Prominent Central Albertans have best of intentions for new year

One prominent Central Alberta newsmaker wants more me time. Another wants to channel Gandhi.

One prominent Central Alberta newsmaker wants more me time. Another wants to channel Gandhi.

It’s that time of year again, when resolutions are boldly declared in the name of improving one’s happiness and well-being.

Some of Central Alberta’s movers and shakers shared their 2012 New Year’s resolutions with the Advocate.

Mayor Morris Flewwelling wants to “make more time for Morris.” Flewwelling said he works an average 80-hour work week.

“That doesn’t leave very much time for anything,” he said. “Second, third, fourth place is time for me. I try to make time for other people in my family but I just don’t have time for myself.”

Flewwelling seems to be ahead of the game with his fancy footwork. He is paired with a professional dancer for the Red Deer Hospice Society’s Celebrity Dance-Off fundraising gala in March.

“It’s a blast,” laughed Flewwelling, who will dance an energetic two-minute jive. “I think that’s what’s driving the healthier lifestyle.”

As part of his mayoral duties, Flewwelling will push harder to bring an alcohol treatment centre to Central Alberta.

“It’s very defeating for people who want to move ahead and have that resolution in their life to move ahead and then don’t have that treatment centre that they can easily access,” said Flewwelling. “Or they can access it and they are away from their families.”

Red Deer Public School District board of trustees chairman Lawrence Lee doesn’t leave much room for the traditional New Year’s resolutions like shedding a few pounds or giving up smoking.

“I don’t drink,” laughed Lee. “I don’t smoke. I’m not overweight. What really comes to my mind is there’s that saying from Gandhi, ‘Be the change you want to see in the world.’ I want to be the change I want to see in the world. You translate that to others and hopefully it’s infectious and it goes from there.”

Lee would like to see education find its footing with Bill 18, the new Education Act expected to be introduced in the spring legislature.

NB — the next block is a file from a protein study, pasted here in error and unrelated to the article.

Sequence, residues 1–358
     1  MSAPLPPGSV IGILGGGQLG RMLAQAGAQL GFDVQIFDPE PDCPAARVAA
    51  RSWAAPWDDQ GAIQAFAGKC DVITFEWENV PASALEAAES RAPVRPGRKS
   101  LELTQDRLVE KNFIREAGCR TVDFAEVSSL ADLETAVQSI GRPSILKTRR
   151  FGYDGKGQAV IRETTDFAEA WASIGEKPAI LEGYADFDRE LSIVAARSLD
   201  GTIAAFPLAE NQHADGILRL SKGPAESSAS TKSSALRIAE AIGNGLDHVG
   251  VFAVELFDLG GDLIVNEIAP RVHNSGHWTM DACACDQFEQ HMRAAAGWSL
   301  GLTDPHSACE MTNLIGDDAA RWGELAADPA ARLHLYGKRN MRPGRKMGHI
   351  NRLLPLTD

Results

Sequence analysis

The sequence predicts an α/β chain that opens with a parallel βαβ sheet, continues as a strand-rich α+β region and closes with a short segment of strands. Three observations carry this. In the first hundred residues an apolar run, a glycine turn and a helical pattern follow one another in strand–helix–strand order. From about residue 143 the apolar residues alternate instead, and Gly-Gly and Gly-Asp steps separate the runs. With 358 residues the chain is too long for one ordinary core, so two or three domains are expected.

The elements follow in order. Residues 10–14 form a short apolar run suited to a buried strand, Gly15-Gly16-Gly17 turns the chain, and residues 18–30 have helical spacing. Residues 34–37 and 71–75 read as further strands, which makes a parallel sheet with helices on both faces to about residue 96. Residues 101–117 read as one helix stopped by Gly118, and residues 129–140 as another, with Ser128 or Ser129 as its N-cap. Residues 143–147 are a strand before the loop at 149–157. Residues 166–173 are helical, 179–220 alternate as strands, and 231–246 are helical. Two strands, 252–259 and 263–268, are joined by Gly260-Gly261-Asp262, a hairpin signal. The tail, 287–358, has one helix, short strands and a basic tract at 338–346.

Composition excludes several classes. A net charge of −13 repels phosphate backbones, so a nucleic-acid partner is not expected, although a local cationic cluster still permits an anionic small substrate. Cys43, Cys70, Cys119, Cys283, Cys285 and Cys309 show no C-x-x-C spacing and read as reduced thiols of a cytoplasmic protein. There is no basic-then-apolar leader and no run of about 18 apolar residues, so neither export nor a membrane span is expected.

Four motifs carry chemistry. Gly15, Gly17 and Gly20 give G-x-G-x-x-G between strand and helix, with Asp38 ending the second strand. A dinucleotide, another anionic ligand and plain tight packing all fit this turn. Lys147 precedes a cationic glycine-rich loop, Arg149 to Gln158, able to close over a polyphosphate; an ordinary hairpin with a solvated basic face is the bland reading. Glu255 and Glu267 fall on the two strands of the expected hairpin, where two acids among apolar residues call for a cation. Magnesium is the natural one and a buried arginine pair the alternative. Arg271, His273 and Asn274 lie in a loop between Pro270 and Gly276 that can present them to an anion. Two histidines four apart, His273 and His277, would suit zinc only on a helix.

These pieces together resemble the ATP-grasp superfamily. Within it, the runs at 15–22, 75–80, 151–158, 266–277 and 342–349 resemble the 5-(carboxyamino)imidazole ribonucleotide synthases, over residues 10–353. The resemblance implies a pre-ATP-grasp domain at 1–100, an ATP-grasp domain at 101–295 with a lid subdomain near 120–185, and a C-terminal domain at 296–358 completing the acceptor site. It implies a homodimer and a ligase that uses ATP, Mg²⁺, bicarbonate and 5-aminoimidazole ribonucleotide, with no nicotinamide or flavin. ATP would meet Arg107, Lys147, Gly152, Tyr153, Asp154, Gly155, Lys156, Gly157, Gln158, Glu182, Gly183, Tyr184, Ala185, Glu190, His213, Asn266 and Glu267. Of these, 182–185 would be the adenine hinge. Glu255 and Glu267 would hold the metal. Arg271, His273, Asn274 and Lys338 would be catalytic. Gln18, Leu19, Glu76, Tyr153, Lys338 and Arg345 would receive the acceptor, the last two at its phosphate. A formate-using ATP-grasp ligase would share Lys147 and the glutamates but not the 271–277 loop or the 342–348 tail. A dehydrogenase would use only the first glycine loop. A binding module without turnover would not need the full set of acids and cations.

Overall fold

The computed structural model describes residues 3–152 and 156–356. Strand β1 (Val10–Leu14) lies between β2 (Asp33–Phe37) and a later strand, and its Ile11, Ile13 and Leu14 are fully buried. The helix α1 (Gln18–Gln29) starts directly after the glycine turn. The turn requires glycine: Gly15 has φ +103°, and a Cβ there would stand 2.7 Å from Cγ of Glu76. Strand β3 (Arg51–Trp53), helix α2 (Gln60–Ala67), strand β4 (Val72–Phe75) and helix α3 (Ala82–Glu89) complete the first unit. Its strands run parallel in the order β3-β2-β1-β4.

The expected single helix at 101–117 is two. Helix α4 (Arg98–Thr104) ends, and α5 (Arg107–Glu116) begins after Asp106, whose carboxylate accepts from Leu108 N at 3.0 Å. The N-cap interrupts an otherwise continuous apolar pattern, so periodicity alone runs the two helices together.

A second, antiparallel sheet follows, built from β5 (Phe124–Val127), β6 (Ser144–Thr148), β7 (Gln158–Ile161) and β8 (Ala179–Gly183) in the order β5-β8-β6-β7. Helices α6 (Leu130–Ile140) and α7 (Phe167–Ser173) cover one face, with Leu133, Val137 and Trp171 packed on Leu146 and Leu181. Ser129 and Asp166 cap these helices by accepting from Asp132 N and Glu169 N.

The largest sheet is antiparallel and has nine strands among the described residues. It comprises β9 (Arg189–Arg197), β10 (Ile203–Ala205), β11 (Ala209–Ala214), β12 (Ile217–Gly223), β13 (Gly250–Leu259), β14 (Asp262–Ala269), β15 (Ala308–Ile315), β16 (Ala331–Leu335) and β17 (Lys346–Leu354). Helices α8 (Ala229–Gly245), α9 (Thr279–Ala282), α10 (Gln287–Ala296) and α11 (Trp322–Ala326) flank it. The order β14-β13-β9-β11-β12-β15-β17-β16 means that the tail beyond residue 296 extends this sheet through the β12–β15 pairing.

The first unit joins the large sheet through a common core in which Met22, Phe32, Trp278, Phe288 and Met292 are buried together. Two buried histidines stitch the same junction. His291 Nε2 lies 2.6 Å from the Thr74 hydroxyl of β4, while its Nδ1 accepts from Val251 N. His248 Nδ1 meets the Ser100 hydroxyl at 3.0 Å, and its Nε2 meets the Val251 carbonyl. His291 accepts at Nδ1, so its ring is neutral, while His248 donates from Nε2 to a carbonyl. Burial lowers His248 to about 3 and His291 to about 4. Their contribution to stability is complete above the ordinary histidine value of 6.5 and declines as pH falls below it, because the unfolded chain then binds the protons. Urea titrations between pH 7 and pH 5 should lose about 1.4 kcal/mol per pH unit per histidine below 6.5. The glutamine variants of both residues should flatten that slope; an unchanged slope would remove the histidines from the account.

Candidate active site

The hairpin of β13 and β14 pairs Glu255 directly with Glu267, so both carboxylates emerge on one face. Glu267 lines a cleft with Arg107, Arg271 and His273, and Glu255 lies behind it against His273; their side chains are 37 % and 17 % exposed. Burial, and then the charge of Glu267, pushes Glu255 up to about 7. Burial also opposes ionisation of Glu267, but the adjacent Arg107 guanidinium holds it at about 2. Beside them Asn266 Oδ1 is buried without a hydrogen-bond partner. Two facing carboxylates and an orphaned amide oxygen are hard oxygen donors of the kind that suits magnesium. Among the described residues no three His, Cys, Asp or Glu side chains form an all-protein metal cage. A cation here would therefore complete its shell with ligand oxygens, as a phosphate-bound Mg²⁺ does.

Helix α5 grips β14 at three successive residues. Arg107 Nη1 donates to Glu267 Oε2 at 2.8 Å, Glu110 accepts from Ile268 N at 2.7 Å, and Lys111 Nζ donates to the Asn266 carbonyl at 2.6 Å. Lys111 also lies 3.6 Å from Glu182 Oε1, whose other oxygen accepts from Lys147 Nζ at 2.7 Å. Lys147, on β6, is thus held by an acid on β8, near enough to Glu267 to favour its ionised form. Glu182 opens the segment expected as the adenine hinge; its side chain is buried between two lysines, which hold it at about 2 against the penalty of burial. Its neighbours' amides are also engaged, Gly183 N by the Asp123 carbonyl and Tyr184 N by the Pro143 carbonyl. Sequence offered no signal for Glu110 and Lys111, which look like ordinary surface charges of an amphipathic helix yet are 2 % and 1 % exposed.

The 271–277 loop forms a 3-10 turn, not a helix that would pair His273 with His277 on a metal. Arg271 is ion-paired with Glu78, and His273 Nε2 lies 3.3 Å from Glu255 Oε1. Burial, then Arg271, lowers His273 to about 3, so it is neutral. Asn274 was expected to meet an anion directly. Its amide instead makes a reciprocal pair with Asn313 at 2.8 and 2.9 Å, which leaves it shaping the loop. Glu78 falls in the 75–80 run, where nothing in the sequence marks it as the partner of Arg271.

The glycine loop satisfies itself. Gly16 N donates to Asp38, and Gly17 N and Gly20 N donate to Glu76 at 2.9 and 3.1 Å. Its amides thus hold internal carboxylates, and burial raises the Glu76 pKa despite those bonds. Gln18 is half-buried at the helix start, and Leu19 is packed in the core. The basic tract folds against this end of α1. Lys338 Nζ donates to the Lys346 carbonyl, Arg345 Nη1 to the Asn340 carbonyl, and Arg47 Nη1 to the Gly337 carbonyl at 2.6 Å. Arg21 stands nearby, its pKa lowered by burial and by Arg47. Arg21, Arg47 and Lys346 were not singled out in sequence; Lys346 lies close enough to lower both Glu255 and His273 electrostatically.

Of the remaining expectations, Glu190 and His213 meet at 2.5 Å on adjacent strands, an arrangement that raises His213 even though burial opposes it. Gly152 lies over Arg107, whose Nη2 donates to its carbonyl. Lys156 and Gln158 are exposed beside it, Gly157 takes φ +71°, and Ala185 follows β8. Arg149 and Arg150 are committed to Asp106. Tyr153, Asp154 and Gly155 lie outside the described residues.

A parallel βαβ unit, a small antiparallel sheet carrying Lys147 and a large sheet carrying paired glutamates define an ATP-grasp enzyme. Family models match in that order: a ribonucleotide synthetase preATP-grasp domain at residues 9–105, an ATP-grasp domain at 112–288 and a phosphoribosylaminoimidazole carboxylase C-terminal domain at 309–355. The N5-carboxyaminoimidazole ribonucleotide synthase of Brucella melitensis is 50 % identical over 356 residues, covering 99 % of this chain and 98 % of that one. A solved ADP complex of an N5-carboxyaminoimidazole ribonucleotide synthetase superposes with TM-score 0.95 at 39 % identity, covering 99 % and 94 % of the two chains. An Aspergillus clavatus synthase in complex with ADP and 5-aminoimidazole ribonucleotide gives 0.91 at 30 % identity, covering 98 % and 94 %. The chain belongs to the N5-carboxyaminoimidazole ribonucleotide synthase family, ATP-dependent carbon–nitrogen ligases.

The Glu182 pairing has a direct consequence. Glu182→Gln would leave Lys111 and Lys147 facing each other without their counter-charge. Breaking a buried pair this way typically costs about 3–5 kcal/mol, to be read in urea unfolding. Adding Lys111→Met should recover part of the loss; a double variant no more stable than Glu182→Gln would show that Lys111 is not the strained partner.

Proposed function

Blackfalds RCMP Sgt. James Derouin quotes Martin Luther King in his far-reaching resolution.

“If my brain can conceive it and my heart can believe it, then I can achieve it,” said Derouin.

Red Deer Advocate publisher Fred Gorman said he wants to spend some quality time on his treadmill next year. Gorman aims to exercise half an hour five times a week.

Jennifer Vanderschaeghe, executive director of the Central Alberta AIDS Network Society, will cut herself some slack next year. “My resolution is to be kinder to myself,” said Vanderschaeghe. “A lot of time I am harder on me than anyone else is. It’s about giving myself a break and recognizing I am trying to do my best.” Vanderschaeghe also hopes to help clients by creating opportunities for them to share their own stories.

“It’s about bringing the reality of the community that we work with and having them tell their stories,” she said.

Red Deer Chamber of Commerce president Maureen McMurtrie will work on the balancing act of work and family life.

“For the business community, it’s kinda like that same theme of my resolution to see everybody here maintain a healthy status,” she said. “It ties in nicely for my theme for my presidency, which was succession planning. I think it’s an area where Central Alberta could lead the country because it is an area where I believe businesses have not put a lot of focus. It’s my hope they will take advantage of any learning opportunity and spend the time necessary to ensure the business is planned for succession and we don’t lose these businesses as our demographic ages.”

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